Tag: Wellcome Collection

Four Recent Review Books: Butler, Hunt, Paralkar and Vestre

Four February–April releases: A quiet novel about the clash of religion and reason; a birdwatching odyssey in London; a folktale-inspired story of the undead descending on an Indian medical clinic; and a layman’s introduction to fetal development – you can’t say I don’t read a wide variety of books! See if any of these tempt you.

 

Little Faith by Nickolas Butler

Butler follows in Kent Haruf’s footsteps with this quiet story of ordinary Midwesterners facing a series of small crises. Lyle Hovde works at a local Wisconsin orchard but is more interested in spending time with Isaac, his five-year-old grandson. Lyle has been an atheist since he and Peg lost a child in infancy, making it all the more ironic that their adopted daughter, Shiloh, has recently turned extremely religious. She attends a large non-denominational church that meets in an old movie theatre and is engaged to Pastor Steven*, whose hardline opinions are at odds with his hipster persona.

Steven and Shiloh believe Isaac has a healing gift – perhaps he can even help Lyle’s old pal, Hoot, who’s just been diagnosed with advanced cancer? The main story line reminded me most of Emily Fridlund’s History of Wolves (health and superstition collide) and Carolyn Parkhurst’s Harmony (the dangers of a charismatic leader). It’s all well and good to have faith in supernatural healing, but not if it means rejecting traditional medicine.

This is the epitome of a slow burner, though: things don’t really heat up until the final 35 pages, and there were a few chapters that could have been cut altogether. The female characters struck me as underdeveloped, but I did have a genuine warm feeling for Lyle. There are some memorable scenes, like Lyle’s heroic effort to save the orchard from an ice storm – a symbolic act that’s more about his desperation to save his grandson from toxic religion. But mostly this is a book to appreciate for the slow, predictable rhythms of a small-town life lived by the seasons.

[*So funny because that’s my brother-in-law’s name! I’ve also visited a Maryland church that meets in a former movie theatre. I was a part of somewhat extreme churches and youth groups in my growing-up years, but luckily nowhere that would have advocated foregoing traditional medicine in favor of faith healing. There were a few false notes here that told me Butler was writing about a world he wasn’t familiar with.]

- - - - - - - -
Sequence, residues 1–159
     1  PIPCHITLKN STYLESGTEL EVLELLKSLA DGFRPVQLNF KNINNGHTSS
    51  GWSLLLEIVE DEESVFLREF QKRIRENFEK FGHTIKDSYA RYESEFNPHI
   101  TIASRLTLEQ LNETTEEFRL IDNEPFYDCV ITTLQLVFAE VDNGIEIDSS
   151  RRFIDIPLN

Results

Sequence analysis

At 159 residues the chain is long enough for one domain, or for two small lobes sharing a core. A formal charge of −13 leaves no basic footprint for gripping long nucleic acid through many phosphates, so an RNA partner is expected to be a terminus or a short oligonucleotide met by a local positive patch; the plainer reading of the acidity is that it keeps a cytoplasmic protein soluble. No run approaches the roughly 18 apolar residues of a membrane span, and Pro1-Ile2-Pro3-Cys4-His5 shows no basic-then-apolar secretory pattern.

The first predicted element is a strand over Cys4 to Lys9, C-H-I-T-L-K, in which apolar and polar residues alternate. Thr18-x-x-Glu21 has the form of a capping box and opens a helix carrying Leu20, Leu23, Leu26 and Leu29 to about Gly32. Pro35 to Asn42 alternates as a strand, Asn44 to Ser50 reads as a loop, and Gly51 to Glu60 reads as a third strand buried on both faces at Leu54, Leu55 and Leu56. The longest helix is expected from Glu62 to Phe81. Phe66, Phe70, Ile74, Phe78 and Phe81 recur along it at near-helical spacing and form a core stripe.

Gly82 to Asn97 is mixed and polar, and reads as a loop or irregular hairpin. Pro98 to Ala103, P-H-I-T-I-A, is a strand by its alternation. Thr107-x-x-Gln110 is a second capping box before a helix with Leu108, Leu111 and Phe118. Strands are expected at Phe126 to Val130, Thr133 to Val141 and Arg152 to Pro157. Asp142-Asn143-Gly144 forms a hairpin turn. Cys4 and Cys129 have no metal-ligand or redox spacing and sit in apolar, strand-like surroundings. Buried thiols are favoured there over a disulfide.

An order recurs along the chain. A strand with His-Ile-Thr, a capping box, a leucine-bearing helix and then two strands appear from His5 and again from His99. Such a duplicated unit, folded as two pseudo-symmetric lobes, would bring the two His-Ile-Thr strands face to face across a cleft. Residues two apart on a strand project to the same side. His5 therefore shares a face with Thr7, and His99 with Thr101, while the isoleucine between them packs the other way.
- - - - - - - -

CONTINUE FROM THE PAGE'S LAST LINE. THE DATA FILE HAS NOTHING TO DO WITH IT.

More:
A favorite passage:

“‘Silent Night’ in a darkened country chapel was, to Lyle, more powerful than any atomic bomb. He was incapable of singing it without feeling his eyes go misty, without feeling that his voice was but one link in a chain of voices connected over the generations and centuries, that line we sometimes call family. Or memory itself.”


With thanks to Faber & Faber for the free copy for review.

 

The Parakeeting of London: An Adventure in Gonzo Ornithology by Nick Hunt

Rose-ringed parakeets were first recorded in London in the 1890s, but only in the last couple of decades have they started to seem ubiquitous. I remember seeing them clustered in treetops and flying overhead in various Surrey, Kent and Berkshire suburbs we’ve lived in. They’re even more noticeable in London’s parks and cemeteries. “When did they become as established as beards and artisan coffee?” Nick Hunt wonders about his home in Hackney. He and photographer Tim Mitchell set out to canvass public opinion about London’s parakeets and look into conspiracy theories about how they escaped (Henry VIII and Jimi Hendrix are rumored to have released them; the set of The African Queen is another purported origin) and became so successful an invasive species.

A surprising cross section of the population is aware of the birds, and opinionated about them. Language of “immigrants” versus “natives” comes up frequently in the interviews, providing an uncomfortable parallel to xenophobic reactions towards human movement – “people had a tendency to conflate the avian with the human, turning the ornithological into the political. Invading, colonizing, taking over.” This is a pleasant little book any Londoner or British birdwatcher in general would appreciate.


With thanks to Paradise Road for the free copy for review.

 

Night Theatre by Vikram Paralkar

This short novel has an irresistible (cover and) setup: late one evening a surgeon in a rural Indian clinic gets a visit from a family of three: a teacher, his pregnant wife and their eight-year-old son. But there’s something different about this trio: they’re dead. They each bear hideous stab wounds from being set upon by bandits while walking home late from a fair. In the afterlife, an angel reluctantly granted them a second chance at life. If the surgeon can repair their gashes before daybreak, and as long as they stay within the village boundaries, their bodies will be revivified at dawn.